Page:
Opinions

OPINION: A law that supports and protects women

In March, we celebrated Women’s History Month and the many accomplishments of women across the board. But as we continue to recognize the remarkable achievements of women, we must also acknowledge the public safety threat that women continue to face in Alaska.

In 2020, more than half of the women surveyed in the Alaska Victimization Survey reported experiencing intimate partner violence, sexual violence or both in their lifetime. Alaska Native women continue to suffer the highest rate of forcible sexual assault and have reported rates of domestic violence up to 10 times higher than the national average. An investigative report, conducted by Anchorage Daily News in partnership with ProPublica, highlighted that one out of three Native communities in rural Alaska have no local law enforcement presence to try to prevent this violence or ensure justice for survivors.

It is for these reasons I worked so hard with my colleagues, from start to finish, to reauthorize the Violence Against Women Act.

More commonly known as VAWA, we reached bipartisan, bicameral agreement to include our standalone reauthorization in the Consolidated Appropriations Act, which funded the federal government for the rest of Fiscal Year 2022 and recently became law. The enactment of our VAWA reauthorization reflects Congress’ renewed commitment to protect women from all forms of violence, while making real, tangible improvements to the original law.

VAWA now includes new tools to help prevent domestic violence, dating violence, sexual assault and stalking, while improving access to essential support services such as health care and safe housing for all victims. Among these are Bree’s Law, our legislation to address teen violence, which is named in honor of Breanna (Bree) Moore, a 20-year-old Alaskan who was murdered by her boyfriend in 2014.

I also coordinated with key Alaska advocates to build on the work of the Alaska Comprehensive Training Forensic Academy, a pilot program run through the University of Alaska Anchorage that is dedicated to ensuring there are health care providers in rural communities who can provide basic medical forensic services to all victims of violence.

As Vice Chairman of the Indian Affairs Committee, I worked with Chairman Brian Schatz of Hawaii to author a tribal title for VAWA, which further empowers tribal courts to help combat this major public safety issue.

Our state has a unique and complex jurisdictional landscape as a result of the Alaska Native Claims Settlement Act. Because of that legal framework, the last reauthorization of VAWA, in 2013, largely left Alaska tribes out of efforts to address this epidemic. To address that, we included in VAWA a state-specific solution through an Alaska Public Safety Empowerment pilot project, building on the concept championed by the late Congressman Don Young in his longstanding commitment to address violence against Native American women.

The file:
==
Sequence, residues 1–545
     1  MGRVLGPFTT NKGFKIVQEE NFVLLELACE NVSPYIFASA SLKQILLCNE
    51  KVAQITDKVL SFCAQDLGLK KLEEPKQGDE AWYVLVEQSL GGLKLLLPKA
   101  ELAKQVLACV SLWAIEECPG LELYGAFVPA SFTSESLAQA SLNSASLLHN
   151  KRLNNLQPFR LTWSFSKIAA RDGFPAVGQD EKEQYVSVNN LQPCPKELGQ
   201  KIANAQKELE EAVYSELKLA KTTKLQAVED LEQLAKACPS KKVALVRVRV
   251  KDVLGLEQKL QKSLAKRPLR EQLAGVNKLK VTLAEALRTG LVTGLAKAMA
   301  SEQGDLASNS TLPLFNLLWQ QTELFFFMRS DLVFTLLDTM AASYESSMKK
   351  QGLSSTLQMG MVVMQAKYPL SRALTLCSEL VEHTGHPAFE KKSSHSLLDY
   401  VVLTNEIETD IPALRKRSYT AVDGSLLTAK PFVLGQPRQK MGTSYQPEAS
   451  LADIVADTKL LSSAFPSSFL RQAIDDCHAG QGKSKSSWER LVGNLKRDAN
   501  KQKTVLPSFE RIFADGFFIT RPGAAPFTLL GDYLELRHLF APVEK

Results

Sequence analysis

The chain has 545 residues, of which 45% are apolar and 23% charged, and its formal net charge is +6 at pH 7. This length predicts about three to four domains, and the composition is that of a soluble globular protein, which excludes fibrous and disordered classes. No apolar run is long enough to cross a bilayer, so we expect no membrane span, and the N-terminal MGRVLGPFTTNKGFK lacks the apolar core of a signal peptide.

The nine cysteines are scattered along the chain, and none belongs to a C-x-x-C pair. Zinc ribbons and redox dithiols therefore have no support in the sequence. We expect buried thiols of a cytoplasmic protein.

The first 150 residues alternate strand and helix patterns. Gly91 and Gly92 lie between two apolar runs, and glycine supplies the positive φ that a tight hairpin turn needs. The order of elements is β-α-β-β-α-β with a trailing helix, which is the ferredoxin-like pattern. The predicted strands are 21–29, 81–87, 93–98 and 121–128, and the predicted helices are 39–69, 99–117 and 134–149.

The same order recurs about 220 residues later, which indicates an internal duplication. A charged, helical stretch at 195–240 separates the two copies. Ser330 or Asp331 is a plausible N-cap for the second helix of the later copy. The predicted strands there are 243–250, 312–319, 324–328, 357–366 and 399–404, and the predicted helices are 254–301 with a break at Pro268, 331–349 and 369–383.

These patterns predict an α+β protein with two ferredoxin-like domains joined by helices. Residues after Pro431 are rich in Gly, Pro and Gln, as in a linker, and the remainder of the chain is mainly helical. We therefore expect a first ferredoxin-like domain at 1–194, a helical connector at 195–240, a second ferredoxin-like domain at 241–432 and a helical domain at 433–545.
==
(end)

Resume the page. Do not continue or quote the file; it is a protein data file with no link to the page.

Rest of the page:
The pilot project will supplement the work the State of Alaska is doing with regard to public safety. It does not create Indian Country in Alaska, nor does it take away any jurisdiction from the state.

Instead, the pilot project will empower a limited number of Alaska tribes to exercise special criminal jurisdiction over defendants who commit certain crimes, as outlined in the law, that occur in Native villages in Alaska.

The Department of Justice will ensure tribes selected meet certain criteria, which includes having a tribal justice system that adequately safeguards the rights of all defendants.

Beyond our VAWA reauthorization, Congress took several additional steps through the Consolidated Appropriations Act to improve public safety in Alaska.

We devoted funding to the crisis of missing, murdered and trafficked indigenous women to facilitate cold case investigations, training, and equipment.

Through a new and fully transparent process for Congressionally Directed Spending, I requested and secured funding to support survivors statewide. This includes funding for a Women in Safe Homes (WISH) shelter in Ketchikan, a facility that will be run by the Youth Advocates of Sitka, and the Alaska Native Women’s Resource Center in Fairbanks.

I also ensured that no victim service organization in any community, urban or rural, would experience shortfalls in funding by securing $5 million for the Department of Safety’s Council on Domestic Violence and Sexual Assault to distribute statewide.

We must commit to creating a safer future, filled with greater opportunities for all women to succeed, and our recent budget package is a good start.

I’m proud of the significant support we are providing to help prevent violence, hold perpetrators accountable, and ensure that survivors can get the help they need. Together, these important actions will have a positive impact for women in every part of Alaska.

Sen. Lisa Murkowski is Alaska’s senior U.S. senator.

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Lisa Murkowski

Lisa Murkowski represents Alaska in the United States Senate. She is a Republican.

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